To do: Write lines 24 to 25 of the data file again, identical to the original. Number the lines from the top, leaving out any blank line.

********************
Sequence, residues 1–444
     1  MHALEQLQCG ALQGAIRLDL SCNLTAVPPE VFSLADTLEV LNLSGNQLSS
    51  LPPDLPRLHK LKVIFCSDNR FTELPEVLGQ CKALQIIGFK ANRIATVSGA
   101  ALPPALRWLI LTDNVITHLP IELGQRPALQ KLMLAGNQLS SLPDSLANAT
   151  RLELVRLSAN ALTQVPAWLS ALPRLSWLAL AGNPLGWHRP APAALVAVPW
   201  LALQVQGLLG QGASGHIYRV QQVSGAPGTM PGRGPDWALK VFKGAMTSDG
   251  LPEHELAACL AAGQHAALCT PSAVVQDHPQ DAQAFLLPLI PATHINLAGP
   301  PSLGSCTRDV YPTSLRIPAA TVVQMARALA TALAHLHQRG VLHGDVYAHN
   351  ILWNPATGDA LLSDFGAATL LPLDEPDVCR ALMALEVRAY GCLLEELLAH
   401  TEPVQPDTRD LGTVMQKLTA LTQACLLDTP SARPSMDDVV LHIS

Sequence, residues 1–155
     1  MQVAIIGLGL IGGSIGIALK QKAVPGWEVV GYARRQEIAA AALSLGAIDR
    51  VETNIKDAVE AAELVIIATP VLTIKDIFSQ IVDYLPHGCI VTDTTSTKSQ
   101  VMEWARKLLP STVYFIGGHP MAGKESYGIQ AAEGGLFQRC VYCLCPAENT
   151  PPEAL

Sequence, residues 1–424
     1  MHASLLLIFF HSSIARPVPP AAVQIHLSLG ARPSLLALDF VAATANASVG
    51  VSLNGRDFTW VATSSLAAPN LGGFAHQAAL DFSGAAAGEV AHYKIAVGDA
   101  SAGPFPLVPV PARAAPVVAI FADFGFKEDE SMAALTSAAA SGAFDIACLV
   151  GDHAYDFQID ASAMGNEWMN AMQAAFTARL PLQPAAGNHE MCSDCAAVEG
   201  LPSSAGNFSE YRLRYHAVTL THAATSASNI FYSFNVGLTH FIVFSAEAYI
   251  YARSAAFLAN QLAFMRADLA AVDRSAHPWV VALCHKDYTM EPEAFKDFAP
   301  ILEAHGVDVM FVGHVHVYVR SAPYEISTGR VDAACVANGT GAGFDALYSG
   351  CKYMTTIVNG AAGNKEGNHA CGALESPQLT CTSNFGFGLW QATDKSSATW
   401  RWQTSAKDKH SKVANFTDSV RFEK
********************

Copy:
   351  CKYMTTIVNG AAGNKEGNHA CGALESPQLT CTSNFGFGLW QATDKSSATW
   401  RWQTSAKDKH SKVANFTDSV RFEK